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Egyptian-Turkish business remains stable amid diplomatic row: Analysts

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After diplomatic downgrade, Egyptian-Turkish economic relationship is questioned

A picture taken on 23 November 2013 shows the Turkish embassy in Cairo  (AFP Photo)

A picture taken on 23 November 2013 shows the Turkish embassy in Cairo
(AFP Photo)

Egyptian-Turkish political tensions reached a peak this week,with each country expelling the other’s ambassador.While many argue that the political dispute will leave the economic collaboration between both countries in an undefined status, sources related to the matter remain hopeful that the economic ties will remain strong.

The Egyptian government dismissed HuseyinAvniBotsali,the Turkish ambassador in Egypt, as a response to comments made by Turkish Prime Minister RecepTayyipErdogan and what it described as “support for groups looking to destabilise Egypt”. Turkey replied with the expulsion of the Egyptian ambassador.

Adel Lamie, the head of the Egyptian-Turkish business council, expressed hope that the dismissal would not affect the countries’ economic relationship since the owners of the Turkish companies operating in Egypt represent the private sector, not the public. “We have a problem with the Turkish government, not the Turkish people,” he said.

Total trade between the two countries amounted to $5.2bn in 2012, of which imports from Turkey amounted to $ 3.6bn and Egyptian exports amounted to $ 1.6bn, according to Lamie.

He stressed the importance of “separating the political tensions from economic ties.”

The head of Egyptian-Turkish business council previously told the Daily News Egypt that Turkish investments in Egypt include about 300 factories and companies, mostly associated with the garment industry, employing 54,000 Egyptian workers.

According to Lamie, since the 25 January Revolution, only three Turkish companies have suspended their work in Egypt. He added that there is always an understanding of Egypt’s situation from the Turkish side.

Chairman of the Egyptian Turkish Company Hassan Akyuz stressed that the trade between the two countries will not be affected.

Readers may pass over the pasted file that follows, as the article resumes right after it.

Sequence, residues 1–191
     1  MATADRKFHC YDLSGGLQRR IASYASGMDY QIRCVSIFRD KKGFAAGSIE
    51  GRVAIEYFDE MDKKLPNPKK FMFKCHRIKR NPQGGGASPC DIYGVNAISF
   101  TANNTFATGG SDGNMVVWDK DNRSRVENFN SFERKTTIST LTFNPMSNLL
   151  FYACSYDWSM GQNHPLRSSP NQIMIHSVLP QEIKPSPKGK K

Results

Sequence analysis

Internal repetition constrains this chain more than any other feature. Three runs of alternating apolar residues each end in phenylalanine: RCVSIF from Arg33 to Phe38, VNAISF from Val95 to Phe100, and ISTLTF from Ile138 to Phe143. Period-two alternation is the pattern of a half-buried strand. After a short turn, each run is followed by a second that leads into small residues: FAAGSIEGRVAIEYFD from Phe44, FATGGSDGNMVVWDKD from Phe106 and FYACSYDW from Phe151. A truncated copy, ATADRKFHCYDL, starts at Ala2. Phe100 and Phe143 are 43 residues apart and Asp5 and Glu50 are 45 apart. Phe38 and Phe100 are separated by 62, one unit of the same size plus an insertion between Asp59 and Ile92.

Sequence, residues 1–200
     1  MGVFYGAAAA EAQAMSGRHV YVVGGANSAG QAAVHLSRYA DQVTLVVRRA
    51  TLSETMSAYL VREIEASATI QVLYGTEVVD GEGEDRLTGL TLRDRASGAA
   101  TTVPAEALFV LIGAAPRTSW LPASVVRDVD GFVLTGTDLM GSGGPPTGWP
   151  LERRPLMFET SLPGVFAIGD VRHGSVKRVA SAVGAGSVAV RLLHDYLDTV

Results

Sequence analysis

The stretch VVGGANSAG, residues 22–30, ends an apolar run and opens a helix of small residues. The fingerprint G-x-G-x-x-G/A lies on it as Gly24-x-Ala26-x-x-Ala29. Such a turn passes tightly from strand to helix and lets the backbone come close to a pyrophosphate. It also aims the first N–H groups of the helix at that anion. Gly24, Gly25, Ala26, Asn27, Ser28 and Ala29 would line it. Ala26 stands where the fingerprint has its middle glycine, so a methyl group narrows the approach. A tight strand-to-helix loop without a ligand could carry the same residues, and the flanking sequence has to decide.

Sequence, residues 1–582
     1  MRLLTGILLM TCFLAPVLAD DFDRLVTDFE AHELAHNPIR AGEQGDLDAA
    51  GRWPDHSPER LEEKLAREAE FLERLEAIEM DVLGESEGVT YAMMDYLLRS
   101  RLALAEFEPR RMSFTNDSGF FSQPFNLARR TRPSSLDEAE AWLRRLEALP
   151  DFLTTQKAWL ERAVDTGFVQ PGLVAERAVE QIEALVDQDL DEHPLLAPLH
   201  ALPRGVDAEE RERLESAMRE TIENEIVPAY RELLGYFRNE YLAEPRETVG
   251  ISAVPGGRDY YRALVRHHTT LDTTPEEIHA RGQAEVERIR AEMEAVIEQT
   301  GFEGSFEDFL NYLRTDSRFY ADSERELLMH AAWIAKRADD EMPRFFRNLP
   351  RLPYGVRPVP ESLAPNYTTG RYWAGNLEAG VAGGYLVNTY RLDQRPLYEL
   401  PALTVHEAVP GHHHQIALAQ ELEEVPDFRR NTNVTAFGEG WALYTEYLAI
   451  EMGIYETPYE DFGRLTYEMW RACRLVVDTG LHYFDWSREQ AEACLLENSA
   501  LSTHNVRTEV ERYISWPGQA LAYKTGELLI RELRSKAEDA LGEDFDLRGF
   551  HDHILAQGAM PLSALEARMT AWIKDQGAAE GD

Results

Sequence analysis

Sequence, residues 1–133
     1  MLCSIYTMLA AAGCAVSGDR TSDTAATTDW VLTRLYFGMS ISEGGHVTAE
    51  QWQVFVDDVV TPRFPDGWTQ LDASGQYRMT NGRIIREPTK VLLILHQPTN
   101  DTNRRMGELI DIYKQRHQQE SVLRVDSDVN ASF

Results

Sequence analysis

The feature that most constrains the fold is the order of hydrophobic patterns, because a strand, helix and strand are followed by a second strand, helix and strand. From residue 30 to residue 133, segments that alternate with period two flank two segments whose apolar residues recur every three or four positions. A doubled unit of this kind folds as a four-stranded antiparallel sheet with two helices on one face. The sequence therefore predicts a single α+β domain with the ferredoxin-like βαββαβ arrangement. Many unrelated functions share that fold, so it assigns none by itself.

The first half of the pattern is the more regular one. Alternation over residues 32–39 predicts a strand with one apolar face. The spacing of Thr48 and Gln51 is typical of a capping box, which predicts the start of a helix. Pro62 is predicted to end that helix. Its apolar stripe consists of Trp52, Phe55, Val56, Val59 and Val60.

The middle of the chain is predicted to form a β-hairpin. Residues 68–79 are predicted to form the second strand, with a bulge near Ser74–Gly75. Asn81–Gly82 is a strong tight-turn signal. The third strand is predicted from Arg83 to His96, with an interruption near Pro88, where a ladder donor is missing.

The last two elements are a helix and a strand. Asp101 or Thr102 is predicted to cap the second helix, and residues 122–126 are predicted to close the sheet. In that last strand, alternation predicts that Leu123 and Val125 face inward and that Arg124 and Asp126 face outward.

Akyuz said that the relation between Egypt and Turkey has been tense since the ouster of former president MohamedMorsi, but it has not had a significant effect on investors. “Since July, no Turkish businessman left Egypt,” he said, asserting that those who did not leave at the beginning of the tension will not leave now.

“No investor will leave a market ahead of political tensions,” Akyuz said.

Yasser Gaber, the media representative from the Ministry of Industry and Foreign Trade, said that “no official statements were issued from the ministry on the trade ties between us and Turkey.”

Gaber added that, aside from the diplomatic downgrading, the Turkish side has not issued any additional statements on the economic relationship with Egypt.

“There are no updates on how the trade between Egypt and Turkey will be affected,” he added.

The Free Trade Agreement signed between Turkey and Egypt in 2005 took effect in 2007, and promoted bilateral trade and cooperation with developing countries in the Middle East and Africa.

A report issued by the Egyptian Commercial Service stated that the Turkish market was the fifth largest for Egyptian exports as of the end of 2012, after the Italian, Indian, American and Saudi markets.

Following Morsi’s ouster in July, Egyptian and Turkish businessmen confirmed the importance of economic relations between the two countries in a conference organised by Egyptian Businessmen’s Association in collaboration with Egyptian Turkish Business Council and Egyptian Turkish businessmen association.

Turkish businessmen asserted in the conference that they wish to increase investments in Egypt, aiming to reach $5bn by 2017.

ZekiEkinci, the honourary chairman of the Egyptian Turkish Businessmen Association, pointed out in the conference that the association is looking forward to creating and expanding investment opportunities away from internal political affairs.

The political developments Egypt witnessed following Morsi’s ouster and the violent dispersal of his supporters from Rabaa Al-Adaweya and Al-Nahda squares did put the brakes on a bourse deal the Egyptian and Turkish government were working on to link the Egyptian stock market and Borsa Istanbul.A memorandum of understanding had been signed in June to develop a framework of connectivity between the two markets.

Following the heightened tension between the two countries, the Daily News Egypt called Mohsen Adel, a member of the board of directors of the Egyptian stock market, to discuss whether or not the project was cancelled.

“It is not cancelled, however, it is indefinitely halted,” Adel said. “The Turkish side has not offered any development regarding this project.”

Adel also confirmed that “there are currently no discussions or negotiations between the two parties.”

MubasherTrade Egypt, a brokerage service company and one of the five companies organising the project, said it had finished all necessary operations to prepare for the launch of the project.

“We’ve done everything except sign the contract with the brokerage companies in Turkey,” said EhabRashed, the managing director of MubasherTrade, adding that a number of investors were “enthusiastic” about the project.

In July, Turkey decided to halt its navigational lines which transfer its exports to Saudi Arabia and other Gulf countries through Egypt due to “financial constraints.”


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